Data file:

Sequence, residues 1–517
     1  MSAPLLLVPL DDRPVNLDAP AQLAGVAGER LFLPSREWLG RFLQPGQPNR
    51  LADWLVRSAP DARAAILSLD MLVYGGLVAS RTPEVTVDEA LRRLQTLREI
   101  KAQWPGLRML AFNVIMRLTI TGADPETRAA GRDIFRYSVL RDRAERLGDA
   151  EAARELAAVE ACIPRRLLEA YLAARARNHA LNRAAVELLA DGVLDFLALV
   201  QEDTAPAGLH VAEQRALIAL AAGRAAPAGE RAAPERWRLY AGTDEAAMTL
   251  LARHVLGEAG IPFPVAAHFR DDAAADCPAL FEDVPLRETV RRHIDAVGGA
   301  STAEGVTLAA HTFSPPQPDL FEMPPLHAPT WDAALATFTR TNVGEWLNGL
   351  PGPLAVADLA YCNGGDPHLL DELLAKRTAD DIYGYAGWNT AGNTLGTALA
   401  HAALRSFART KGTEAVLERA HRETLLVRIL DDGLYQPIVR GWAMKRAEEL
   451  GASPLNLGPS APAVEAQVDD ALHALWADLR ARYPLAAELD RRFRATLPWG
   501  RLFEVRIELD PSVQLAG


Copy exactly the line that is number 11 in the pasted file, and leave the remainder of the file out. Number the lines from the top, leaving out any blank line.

   451  GASPLNLGPS APAVEAQVDD ALHALWADLR ARYPLAAELD RRFRATLPWG